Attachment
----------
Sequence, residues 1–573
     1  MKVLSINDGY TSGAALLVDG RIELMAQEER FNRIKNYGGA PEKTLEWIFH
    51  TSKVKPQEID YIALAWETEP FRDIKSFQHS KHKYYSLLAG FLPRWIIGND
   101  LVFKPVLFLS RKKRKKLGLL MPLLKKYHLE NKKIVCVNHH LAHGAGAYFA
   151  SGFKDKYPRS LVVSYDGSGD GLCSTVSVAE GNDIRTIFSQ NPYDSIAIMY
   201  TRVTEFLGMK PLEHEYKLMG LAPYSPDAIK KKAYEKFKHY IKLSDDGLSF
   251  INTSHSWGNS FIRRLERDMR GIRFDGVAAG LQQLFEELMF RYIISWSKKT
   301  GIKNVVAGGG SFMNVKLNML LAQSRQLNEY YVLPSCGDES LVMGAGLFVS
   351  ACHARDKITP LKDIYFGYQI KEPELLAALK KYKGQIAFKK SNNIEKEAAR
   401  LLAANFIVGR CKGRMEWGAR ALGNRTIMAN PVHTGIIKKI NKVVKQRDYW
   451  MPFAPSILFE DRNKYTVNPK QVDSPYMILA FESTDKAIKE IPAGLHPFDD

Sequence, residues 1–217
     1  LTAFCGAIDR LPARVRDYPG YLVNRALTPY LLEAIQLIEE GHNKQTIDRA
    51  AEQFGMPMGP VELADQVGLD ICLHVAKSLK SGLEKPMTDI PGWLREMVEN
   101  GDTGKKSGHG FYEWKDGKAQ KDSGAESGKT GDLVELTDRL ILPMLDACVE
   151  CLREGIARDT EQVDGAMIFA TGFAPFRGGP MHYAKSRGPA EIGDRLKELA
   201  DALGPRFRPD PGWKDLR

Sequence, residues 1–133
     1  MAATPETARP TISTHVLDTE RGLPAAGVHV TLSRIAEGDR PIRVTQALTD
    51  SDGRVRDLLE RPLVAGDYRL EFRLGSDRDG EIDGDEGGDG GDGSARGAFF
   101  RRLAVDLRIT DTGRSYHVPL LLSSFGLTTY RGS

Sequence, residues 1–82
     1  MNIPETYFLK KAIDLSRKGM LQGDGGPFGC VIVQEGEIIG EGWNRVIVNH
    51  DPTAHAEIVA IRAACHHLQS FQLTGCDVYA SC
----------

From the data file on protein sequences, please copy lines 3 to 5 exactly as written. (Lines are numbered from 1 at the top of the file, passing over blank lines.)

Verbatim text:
    51  TSKVKPQEID YIALAWETEP FRDIKSFQHS KHKYYSLLAG FLPRWIIGND
   101  LVFKPVLFLS RKKRKKLGLL MPLLKKYHLE NKKIVCVNHH LAHGAGAYFA
   151  SGFKDKYPRS LVVSYDGSGD GLCSTVSVAE GNDIRTIFSQ NPYDSIAIMY